If the experiments analyzed here had been conducted as randomized controlled trials of medical interventions, they may have been stopped for benefit—meaning that enrolling patients in the control condition might be discontinued because the treatment being tested was clearly more beneficial.”

One would think that this research would compel teachers to immediately change their practice. But that hasn’t happened in any large scale way. The challenge with this delayed reaction is that, much like the smoking research shared in the 1950’s and 60’s, there is competing information being shared (like Walthausen’s article) that supports that status quo.

And maybe that’s the hardest part about my thought experiment from earlier in this post. It’s easy for me to look back and consider how I’d react because history has shown me the right answers. I know which world leaders I should have supported or opposed. I know which events I should have attended and in which demonstrations I should have participated. Looking back is easy. It’s harder to consider the data at hand and always make the “right” decisions in real time. Instead, some may choose to delay responding and reacting. Or make the wrong decisions.

Freeman, S., Eddy, S. L., McDonough, M., Smith, M. K., Okoroafor, N., Jordt, H., & Wenderoth, M. P. (2014). Active learning increases student performance in science, engineering, and mathematics. Proceedings of the National Academy of Sciences, 111(23), 8410-8415.
Schwerdt, G., & Wuppermann, A. C. (2011). Is traditional teaching really all that bad? A within-student between-subject approach. Economics of Education Review, 30(2), 365-379.
Walthausen, A. (2013). Don’t give up on the lecture. Atlantic Monthly.



Context Matters

If you’re a teacher, I’m sure you’ve had this experience. You teach a lesson with one group of students and it works great. The students are motivated and engaged. The technology works correctly. The activities you planned all make sense to the students and support their development. The students even laugh at your jokes. It’s like the clouds have opened up. The sun is shining down on your classroom and you can hear harps playing. Your lesson nailed it.

But then, you try the same lesson again. Instead of triumphant success, the lesson falls flat. Students get lost in your explanations or the technology isn’t working. Or maybe the students aren’t as motivated to learn or maybe they’re less engaged. For whatever reason, it’s as if a host of thunderclouds descended upon your class and you can hear the sound of a sad trombone playing. The lesson was a bitter failure.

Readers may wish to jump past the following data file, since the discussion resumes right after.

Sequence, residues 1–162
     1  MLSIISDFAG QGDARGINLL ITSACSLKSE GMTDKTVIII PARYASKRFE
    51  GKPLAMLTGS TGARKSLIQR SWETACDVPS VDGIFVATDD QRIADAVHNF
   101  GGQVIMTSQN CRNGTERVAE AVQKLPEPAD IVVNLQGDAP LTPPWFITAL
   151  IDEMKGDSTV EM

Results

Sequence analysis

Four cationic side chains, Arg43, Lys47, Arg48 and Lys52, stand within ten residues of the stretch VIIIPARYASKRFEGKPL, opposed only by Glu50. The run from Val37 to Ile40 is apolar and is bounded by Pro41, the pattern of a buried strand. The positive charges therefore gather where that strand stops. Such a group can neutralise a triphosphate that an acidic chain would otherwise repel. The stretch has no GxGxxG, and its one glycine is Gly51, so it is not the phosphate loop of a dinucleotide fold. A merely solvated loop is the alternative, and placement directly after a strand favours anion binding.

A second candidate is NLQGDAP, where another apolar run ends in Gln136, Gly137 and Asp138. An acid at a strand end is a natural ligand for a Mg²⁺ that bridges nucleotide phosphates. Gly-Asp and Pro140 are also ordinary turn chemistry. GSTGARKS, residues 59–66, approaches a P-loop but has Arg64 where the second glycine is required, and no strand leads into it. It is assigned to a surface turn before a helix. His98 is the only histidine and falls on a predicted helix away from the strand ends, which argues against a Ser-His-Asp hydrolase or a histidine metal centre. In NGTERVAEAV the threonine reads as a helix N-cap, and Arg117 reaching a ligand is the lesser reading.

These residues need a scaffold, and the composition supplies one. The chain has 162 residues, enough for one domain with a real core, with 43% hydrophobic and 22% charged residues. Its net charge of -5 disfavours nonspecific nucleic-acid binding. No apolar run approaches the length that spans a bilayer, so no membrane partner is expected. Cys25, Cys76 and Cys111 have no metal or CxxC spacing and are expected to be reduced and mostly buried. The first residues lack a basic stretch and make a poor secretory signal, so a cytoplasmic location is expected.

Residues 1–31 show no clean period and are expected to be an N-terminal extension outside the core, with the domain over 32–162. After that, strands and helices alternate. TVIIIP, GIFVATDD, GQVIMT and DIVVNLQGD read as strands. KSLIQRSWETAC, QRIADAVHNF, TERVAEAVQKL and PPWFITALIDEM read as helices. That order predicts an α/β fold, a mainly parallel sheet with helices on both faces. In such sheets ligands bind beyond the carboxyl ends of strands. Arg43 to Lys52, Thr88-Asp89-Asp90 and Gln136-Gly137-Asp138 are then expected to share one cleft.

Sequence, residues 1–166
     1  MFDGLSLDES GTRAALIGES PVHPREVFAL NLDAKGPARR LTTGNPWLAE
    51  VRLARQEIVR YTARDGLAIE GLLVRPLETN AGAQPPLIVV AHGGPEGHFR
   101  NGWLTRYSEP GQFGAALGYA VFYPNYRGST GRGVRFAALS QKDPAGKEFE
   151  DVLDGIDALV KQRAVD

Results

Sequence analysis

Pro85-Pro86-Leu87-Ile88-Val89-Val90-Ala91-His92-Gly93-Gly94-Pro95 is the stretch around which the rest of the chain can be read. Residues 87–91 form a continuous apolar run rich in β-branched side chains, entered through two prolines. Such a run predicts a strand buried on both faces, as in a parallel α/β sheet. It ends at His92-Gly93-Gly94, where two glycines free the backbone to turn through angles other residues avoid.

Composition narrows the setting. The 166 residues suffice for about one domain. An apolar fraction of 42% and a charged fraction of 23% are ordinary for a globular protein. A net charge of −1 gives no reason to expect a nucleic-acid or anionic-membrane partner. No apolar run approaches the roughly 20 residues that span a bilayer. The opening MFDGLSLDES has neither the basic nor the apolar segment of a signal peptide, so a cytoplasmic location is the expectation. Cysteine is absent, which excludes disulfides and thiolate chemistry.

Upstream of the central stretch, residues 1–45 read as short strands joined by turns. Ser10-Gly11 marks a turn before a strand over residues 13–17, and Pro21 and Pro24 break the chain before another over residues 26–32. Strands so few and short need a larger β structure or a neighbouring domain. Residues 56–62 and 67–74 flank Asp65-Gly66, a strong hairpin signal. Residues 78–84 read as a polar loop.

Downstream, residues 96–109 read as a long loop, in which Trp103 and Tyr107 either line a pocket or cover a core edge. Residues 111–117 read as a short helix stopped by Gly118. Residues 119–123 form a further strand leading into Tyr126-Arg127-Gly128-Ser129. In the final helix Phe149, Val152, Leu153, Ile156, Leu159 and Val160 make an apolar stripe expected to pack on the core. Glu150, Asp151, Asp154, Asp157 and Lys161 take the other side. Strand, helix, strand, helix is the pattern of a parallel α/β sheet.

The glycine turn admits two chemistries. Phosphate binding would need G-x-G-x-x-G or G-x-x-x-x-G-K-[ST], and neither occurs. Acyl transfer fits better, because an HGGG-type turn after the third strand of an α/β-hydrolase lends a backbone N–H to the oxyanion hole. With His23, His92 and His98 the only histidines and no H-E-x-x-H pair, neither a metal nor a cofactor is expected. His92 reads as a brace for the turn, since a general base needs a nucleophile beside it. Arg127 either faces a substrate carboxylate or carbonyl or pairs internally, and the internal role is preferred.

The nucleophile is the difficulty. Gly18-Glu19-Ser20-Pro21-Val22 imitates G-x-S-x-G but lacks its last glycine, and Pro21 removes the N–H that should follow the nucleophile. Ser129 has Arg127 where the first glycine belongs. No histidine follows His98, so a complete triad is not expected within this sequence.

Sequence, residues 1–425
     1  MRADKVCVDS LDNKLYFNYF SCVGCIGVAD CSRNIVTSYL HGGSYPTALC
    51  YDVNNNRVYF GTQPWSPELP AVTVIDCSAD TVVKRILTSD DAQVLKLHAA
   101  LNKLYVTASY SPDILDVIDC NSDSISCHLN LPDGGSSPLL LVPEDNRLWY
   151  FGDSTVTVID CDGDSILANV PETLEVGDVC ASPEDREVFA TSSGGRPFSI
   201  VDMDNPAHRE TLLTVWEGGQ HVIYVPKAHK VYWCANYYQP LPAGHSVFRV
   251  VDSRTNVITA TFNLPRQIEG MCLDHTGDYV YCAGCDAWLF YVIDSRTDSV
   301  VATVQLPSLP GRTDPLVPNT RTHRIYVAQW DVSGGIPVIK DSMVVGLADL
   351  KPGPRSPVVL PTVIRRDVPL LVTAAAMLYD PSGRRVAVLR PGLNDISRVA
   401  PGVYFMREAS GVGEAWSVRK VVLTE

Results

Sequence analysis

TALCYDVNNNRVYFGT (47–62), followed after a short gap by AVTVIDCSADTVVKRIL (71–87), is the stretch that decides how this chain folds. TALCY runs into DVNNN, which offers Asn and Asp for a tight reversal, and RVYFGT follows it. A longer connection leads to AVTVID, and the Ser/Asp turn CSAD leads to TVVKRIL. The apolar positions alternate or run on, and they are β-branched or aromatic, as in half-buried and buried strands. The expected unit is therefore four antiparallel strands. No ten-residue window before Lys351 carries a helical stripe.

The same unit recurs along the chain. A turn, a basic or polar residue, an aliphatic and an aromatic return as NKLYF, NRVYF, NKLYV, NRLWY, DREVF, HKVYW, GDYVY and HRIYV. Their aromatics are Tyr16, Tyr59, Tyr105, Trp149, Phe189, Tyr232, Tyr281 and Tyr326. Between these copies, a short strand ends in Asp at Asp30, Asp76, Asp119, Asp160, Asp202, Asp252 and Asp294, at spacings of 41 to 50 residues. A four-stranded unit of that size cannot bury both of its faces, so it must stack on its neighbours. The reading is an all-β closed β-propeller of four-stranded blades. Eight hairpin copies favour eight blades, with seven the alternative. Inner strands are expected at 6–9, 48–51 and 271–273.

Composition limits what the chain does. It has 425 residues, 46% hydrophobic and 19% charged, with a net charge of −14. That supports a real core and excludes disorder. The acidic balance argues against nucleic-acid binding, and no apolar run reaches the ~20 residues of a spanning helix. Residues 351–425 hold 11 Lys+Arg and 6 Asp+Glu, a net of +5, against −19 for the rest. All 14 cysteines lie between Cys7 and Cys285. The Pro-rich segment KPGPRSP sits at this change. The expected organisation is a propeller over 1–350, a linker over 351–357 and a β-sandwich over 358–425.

I’m outlining these divergent experiences because they demonstrate the power of context. I’ve been thinking about the power of context a lot recently. Some of this was sparked by a keynote presentation I attended over the weekend. The Teaching Professor conference was held in Atlanta and the opening keynote was Dr. Stephen Chew, a psychology professor from Samford University. If you ever have a chance to see Dr. Chew speak, don’t miss it. He’s easily one of the most entertaining and interesting presenters ever. You will not be disappointed.

In his keynote presentation, Dr. Chew discussed some of the myths and buzzwords that are common in education. He led over a thousand educators through an active (and sometimes dissonant) analysis of different instructional beliefs and practices. As he wrapped up his presentation, Dr. Chew advised the group that cognitive science has taught us a lot about how people learn. But it was up to us as teachers to recognize the correct context with which to apply the concepts. For instance, something that might work in an elementary classroom would never work in a collegiate one. Working with first year students in a general education classroom is different than teaching seniors in an upper level course in their major. To be an effective educator, you need to consider a host of contextual factors as you plan and lead a lesson. In short, context matters.

But this mantra doesn’t just apply to educators working in classrooms. As some readers may know, I lead the faculty development center at my institution. After working in the role for the last six years, I collaborated with a colleague to lead a session for new faculty developers at the Teaching Professor conference. While we provided a lot of different resources and suggestions for the attendees, one of the clear takeaways was that faculty developers needed to understand the context of the institution where they worked. Faculty development strategies that might work at a small liberal arts institution may not work at a large research university. Strategies that are effective at a community college may be less effective at a faith-based institution. Context matters.

One of the challenges I see is how we respond to these contextual factors. I worry that some may take this to mean that anything goes. Since we can’t control the contextual factors and can’t always predict the effectiveness of our work, the logic could go, why even try? We should just plan something, anything, and assign any failure to the context of the environment. But this shifts the locus of control away from our roles as educators.

From my perspective, recognizing the role that context can play makes our knowledge and expertise as educators so much more important. We need to be able to identify different constraints and plan accordingly. And be able to change course when we see a strategy isn’t being effective. While context definitely matters, pedagogical knowledge and experience matter more.